A very special crow shot to fame in May 2016 when he was in danger of becoming a jailbird after his cheeky antics at a murder scene. But while this lovable rogue’s flight of fancy certainly ruffled a few feathers, it was the touching story of his life that stole the attention of people around the world.
And it’s not hard to see why this story is so eye-catching. After all, can you imagine the shock of the officer who saw an essential piece of evidence literally flying away from the scene of a crime?
It all began on May 24, 2016 when the Vancouver Police Department responded to reports of a burning car. They arrived at the site – a McDonald’s parking lot – and they were met by a 28-year-old male armed with a knife. The man ended up being shot, taken into custody and treated for non-lethal knife and gunshot wounds.
These events were dramatic enough, but from that point, things got a little weird. Mike Howell, a reporter for the Vancouver Courier, described how he saw the crow fly into the area of the crime scene and, with blatant disregard for the police cordon tape, grab the knife and make off with it.
Howell couldn’t believe his eyes. “A cop chased it for about 15 to 20 feet, and then the crow dropped it and took off,” he told CBC News. “It was really strange. In my 20-plus years reporting from crime scenes, I’ve never seen anything like that crow trying to take a knife.”
But the blade wasn’t the only target of the bird’s banditry. Howell said that he also saw the bird try to “make off with a pair of eyeglasses in the lot and steal gear belonging to a television camera operator.” This feathered felon certainly seemed to have a taste for expensive items as well as crucial pieces of evidence.
The case against the bird was mounting, but who was this beaked burgler? There was one last piece to the puzzle that would help reveal the avian offender’s identity – the criminal crow had a red plastic band fitted around his leg. Only one local corvid was known to have this distinguishing feature, and it was a famous (at least in Vancouver) crow named Canuck.
So was Canuck a serial offender? Well, he was always mischievous, but he had never been a serious lawbreaker before. Still, Canuck did endure a troubled start in life, and that may even explain his recent brush with the law.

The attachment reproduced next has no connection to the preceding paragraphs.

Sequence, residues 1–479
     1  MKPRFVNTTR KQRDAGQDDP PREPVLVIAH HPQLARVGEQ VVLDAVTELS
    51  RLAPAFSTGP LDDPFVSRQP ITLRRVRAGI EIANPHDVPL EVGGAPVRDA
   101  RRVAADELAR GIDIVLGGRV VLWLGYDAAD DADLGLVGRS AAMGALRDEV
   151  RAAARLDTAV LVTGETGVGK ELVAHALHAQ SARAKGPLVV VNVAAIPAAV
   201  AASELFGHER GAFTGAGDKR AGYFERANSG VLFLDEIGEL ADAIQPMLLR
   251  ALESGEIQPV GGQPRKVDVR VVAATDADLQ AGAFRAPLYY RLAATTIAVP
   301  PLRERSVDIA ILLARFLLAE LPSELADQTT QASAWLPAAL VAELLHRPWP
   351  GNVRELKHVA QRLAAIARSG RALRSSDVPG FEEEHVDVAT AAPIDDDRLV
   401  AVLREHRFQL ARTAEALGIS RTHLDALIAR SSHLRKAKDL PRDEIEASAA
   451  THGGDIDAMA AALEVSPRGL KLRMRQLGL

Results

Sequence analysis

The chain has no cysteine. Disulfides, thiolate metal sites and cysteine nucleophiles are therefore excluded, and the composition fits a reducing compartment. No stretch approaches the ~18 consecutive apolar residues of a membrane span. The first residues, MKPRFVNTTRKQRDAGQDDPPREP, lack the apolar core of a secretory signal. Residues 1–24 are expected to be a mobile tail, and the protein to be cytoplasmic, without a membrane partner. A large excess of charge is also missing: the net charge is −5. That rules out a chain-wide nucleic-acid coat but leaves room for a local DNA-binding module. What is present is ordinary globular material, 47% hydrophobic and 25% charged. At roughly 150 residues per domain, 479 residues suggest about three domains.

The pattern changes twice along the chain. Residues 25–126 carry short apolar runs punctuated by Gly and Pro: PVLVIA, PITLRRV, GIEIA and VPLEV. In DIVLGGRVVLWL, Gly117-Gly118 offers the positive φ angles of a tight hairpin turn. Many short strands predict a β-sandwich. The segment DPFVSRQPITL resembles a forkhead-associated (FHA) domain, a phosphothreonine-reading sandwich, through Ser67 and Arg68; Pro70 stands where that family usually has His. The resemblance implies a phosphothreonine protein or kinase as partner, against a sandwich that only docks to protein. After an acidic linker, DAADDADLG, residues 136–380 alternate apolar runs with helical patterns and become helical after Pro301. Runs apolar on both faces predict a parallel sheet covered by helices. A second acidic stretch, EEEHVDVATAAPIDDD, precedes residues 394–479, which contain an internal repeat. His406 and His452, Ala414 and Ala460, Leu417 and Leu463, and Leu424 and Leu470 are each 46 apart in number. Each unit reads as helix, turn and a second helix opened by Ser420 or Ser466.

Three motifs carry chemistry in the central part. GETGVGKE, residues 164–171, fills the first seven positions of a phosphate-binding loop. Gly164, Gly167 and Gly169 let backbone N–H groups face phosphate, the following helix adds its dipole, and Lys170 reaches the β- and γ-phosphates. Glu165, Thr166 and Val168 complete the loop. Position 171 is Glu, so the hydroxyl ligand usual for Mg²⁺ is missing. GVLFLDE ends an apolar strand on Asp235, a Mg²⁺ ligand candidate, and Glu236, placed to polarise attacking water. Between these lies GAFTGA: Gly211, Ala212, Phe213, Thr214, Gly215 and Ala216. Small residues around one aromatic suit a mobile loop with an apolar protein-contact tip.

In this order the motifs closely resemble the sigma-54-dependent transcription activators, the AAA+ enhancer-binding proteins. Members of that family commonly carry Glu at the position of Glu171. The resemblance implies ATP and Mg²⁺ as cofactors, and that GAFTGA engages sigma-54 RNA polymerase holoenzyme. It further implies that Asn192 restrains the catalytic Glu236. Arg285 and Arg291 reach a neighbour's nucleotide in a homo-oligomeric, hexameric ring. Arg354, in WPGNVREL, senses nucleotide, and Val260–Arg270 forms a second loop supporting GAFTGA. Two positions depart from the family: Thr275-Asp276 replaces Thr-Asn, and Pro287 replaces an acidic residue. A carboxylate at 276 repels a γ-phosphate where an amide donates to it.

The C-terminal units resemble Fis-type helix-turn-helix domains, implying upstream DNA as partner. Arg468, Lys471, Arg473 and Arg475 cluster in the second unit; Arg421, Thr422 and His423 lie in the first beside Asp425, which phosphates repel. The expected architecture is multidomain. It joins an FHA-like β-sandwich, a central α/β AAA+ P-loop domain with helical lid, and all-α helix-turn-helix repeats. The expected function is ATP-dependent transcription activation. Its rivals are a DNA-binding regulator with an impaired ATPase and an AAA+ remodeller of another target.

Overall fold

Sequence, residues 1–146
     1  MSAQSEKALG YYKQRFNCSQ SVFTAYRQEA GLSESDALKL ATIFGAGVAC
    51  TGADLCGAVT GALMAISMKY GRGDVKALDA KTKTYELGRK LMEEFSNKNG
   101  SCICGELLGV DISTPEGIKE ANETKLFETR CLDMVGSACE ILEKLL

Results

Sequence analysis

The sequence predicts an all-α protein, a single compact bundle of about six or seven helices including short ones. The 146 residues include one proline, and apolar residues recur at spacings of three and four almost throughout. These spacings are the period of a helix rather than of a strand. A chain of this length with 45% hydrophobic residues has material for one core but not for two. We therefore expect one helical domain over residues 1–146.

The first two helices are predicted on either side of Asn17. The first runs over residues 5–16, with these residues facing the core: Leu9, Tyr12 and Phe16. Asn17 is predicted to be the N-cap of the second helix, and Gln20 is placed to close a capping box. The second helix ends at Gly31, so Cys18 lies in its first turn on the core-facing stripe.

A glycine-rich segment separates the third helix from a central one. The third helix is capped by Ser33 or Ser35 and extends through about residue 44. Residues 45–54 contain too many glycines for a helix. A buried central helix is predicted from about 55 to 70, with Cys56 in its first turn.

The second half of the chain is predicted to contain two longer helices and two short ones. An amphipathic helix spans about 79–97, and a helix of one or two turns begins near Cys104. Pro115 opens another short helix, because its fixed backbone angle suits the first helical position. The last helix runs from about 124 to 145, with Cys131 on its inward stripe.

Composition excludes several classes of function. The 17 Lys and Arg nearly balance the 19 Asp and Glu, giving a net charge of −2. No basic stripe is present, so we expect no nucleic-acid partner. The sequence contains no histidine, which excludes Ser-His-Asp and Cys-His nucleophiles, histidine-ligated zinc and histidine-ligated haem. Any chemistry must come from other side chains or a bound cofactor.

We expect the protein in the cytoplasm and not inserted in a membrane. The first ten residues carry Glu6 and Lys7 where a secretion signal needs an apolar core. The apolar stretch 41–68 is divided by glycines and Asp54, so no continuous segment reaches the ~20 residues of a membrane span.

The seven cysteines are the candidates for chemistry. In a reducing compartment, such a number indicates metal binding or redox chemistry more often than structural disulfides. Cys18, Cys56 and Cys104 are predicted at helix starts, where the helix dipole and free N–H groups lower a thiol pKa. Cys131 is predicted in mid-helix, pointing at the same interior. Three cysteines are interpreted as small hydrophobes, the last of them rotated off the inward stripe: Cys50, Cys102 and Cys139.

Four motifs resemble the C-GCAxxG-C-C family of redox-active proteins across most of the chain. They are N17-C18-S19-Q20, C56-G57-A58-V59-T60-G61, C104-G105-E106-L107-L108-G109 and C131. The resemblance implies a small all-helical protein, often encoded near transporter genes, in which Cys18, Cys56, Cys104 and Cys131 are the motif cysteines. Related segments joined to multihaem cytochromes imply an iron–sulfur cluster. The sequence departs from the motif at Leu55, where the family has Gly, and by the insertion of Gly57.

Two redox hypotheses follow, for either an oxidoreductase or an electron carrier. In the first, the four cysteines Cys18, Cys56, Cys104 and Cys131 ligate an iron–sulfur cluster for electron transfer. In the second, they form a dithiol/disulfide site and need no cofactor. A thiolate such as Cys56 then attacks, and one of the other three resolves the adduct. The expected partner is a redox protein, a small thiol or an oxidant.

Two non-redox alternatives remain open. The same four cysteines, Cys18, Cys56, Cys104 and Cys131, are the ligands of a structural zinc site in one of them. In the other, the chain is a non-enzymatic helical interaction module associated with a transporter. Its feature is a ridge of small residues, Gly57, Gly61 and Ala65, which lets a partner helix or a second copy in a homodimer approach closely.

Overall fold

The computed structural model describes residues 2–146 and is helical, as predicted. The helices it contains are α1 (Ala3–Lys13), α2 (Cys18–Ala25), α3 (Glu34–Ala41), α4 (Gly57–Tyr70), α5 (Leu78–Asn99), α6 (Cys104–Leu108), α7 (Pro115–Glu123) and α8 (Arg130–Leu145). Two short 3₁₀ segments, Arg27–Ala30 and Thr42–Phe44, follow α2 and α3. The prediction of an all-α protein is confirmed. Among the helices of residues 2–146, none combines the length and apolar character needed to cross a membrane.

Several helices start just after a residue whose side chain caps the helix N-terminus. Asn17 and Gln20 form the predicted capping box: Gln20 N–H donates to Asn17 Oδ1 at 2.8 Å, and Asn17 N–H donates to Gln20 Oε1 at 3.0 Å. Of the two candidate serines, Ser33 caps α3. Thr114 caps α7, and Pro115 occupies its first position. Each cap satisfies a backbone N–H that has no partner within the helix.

His story starts in May 2015. That was when the crow chick fell out of his nest and would have died if he wasn’t found by a passing human. “He was found and raised by my landlord’s son,” Shawn Bergman wrote on Canuck’s Facebook page – yes, he has a Facebook page, and it’s called “Canuck and I.” Bergman lives in the same residence and became something of a foster father to the corvid.
“He was no bigger than a tennis ball and was not able to fly due to his age. He more than likely would’ve died if he hadn’t been taken in, in my opinion,” wrote Bergman. It took two months to nurse him back to health, but when the young bird was well again, he was released back into the concrete jungle.
But before he was released in the summer of 2015, the chick was fitted with a red plastic band on his leg – the very feature that later implicated him in the knife-stealing incident – for identification purposes. Despite Canuck’s new-found freedom, though, he had already come to call the Vancouver neighborhood home, and he seemingly wasn’t interested in moving further afield.
On the third day after Canuck’s release, the bird wasn’t hanging around in his usual haunts. Bergman went for a walk to see if he could find the chick. “I ended up coming across him in an open grassy area looking very confused and scared,” he explained to animal enthusiast website The Dodo.
“As soon as he saw me, he ran up to me. I put up my arm and he flew up and landed on it. That was the first time I had ever walked through the neighborhood with a crow on my arm. Little did I realize it would be far from the last. Now it’s an everyday thing,” he explained.
Bergman named the bird Canuck, which is a slang term for the people of Canada. He said he wanted something “ultra-Canadian” because he wanted a name “that all Canadians could get behind. I’m proud of my country and always have been.” The crow’s carer agreed, and the name stuck.
Although it was the son of Bergman’s landlord who brought Canuck back to health, perhaps finding the confused chick was the act that cemented his friendship with Bergman. “For some reason, he just imprinted me as a best friend,” Bergman said.
And while Canuck has been around people a lot, Bergman has said that he wants the crow to experience life naturally and remain as wild as can be. The bird never strays far from his human “father,” though; Canuck sees Bergman off to the bus stop for work in the mornings and greets him when he gets back in the evening.
Cornell Lab of Ornithology’s crow expert, Kevin J. McGowan, explained that although crows taking shiny things is a myth, there is something that could explain Canuck’s crime-scene pilfering. “They’re very social, especially when they’re growing up, and they like to interact with other crows. When they’re hand-raised by people, they love to interact with people,” he told the Washington Post.
That might explain Canuck’s impish nature – and he has been known to steal other things from around Vancouver, too. “He’s very mischievous and a prolific thief, but he can also be quite comical,” said Bergman. “He’s not shy.”
Canuck perhaps craved some human attention in the form of a game and thought, “‘I’m going to grab that and steal it and maybe he’ll try to catch me,’” McGowan told the Washington Post. Bergman said, “I’m not thrilled that he tampered with a crime scene, but what… [can] you do? He’s a wild crow.”
Despite his naughty nature, however, Canuck definitely has a likeable character, and Bergman loves him. “I’m his best buddy, so no matter who he’s with or what he’s doing, he’ll pretty much drop everything to come see me,” he said.